Thinking about differing Worldviews
Over the last 1 ½ years this blog has been focused on showing that the probability of non-guided processes being the causation of life to exist is virtually zero. So why is it that the naturalist will not pay any attention to the numbers which show how impossible his position is, even though the evidence is stacked against him or her?
The answer to this question is ultimately found in the expression of two types of worldviews. This is a bit of an overstatement because there are more than two alternatives, however it is helpful to see what these main viewpoints represent. These two logical processes are abduction and empiricism.
Abductive reasoning looks at circumstantial evidence with the goal of reaching the most likely conclusion of cause. Criminal justice systems are predicated on this type of logic. The more substantial the pieces of evidence are, the more likely we are to be accurate in our conclusion if the evidence is legitimate.
Empiricism/Induction looks at actual physical findings such as mathematical equations. This reasoning looks only at facts. Furthermore, the only possible explanation of things is grounded in a materialistic worldview. In other words, anything supernatural is excluded from consideration.
Pretend we are looking at a homicide crime scene. Say the victim was shot with a pistol that was left at the scene of the crime. There is a 38 caliber empty shell casing and the autopsy confirms that this was the murder weapon. The diameter of the bullet would be an example of empirical evidence. We also discover that there are fingerprints on the weapon, and the distinct imprint of a Nike air Jordon shoe in the mud where the crime took place, these would be examples of circumstantial evidence using abductive reasoning.
Concerning the evidence of the creation of the universe and the origins of life, a strictly empirical viewpoint must exclude the existence of God. It is “required” thinking. Any notion of God being the most likely explanation for causation is viewed as a “God in the gaps” argument that is invalid.
God in the gaps looks like this; anything that we do not know the causation, and then claim that God did it smacks as being non-scientific. For example, the ancients did not know how deciduous tree leaves changed color in the fall. They concluded that God must have caused the color change. We now know that there is chlorophyll in the leaves that drains out causing the original color to be visible. Therefore, a naturalistic explanation overrules any uninformed claim of God being the causation.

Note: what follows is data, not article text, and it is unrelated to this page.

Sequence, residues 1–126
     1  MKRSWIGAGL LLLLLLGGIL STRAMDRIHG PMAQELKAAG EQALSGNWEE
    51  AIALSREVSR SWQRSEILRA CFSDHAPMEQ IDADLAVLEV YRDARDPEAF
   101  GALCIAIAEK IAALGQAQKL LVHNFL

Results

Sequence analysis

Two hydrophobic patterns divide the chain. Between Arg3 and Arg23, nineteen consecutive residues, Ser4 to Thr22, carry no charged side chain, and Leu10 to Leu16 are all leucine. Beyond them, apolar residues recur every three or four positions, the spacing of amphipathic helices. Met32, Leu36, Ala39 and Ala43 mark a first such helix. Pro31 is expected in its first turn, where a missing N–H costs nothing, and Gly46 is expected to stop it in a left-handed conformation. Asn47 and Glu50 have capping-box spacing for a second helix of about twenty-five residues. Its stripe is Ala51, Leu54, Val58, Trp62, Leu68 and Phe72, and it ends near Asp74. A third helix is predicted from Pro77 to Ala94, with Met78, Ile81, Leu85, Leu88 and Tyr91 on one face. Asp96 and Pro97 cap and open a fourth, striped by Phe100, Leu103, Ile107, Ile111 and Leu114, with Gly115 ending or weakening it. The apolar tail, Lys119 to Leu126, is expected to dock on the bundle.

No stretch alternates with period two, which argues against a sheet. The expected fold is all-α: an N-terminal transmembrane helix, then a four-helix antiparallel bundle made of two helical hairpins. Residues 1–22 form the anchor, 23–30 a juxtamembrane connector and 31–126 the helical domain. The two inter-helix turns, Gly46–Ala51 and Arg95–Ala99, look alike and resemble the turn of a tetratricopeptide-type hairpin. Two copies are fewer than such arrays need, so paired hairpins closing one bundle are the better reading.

Abductive reasoning for the origin of the universe and the existence of life is not a God in the gaps argument. (even though the atheist demands it to be so) The reason for this is based in the evidence that we do know to be true, rather than on what we do not know. It is not born out of ignorance, it is born out of scientific evidence that is not controversial.
So the question is what is wrong with using abductive reasoning as a part of explaining the thorny questions of origins?
The best answer is that there is nothing wrong with using both empircal and abductive reasoning together. I love science and I am not afraid of using empirical reasoning at all. However, I will not limit my rationality to just one form the worldview thinking. I will also us abductive reasoning together to find a harmonious view that reflects reality. The criminal justice system that we value in our culture brings both disciplines together. It is not perfect, but we get it right most of the time. Again the more pieces of evidence that fit the puzzle, the more likely the correct outcome will ensue.
If a person is willing to go where the evidence leads, the idea of combining both empirical and abductive reasoning together brings clarity and beauty to harmonize with how the world actually works.
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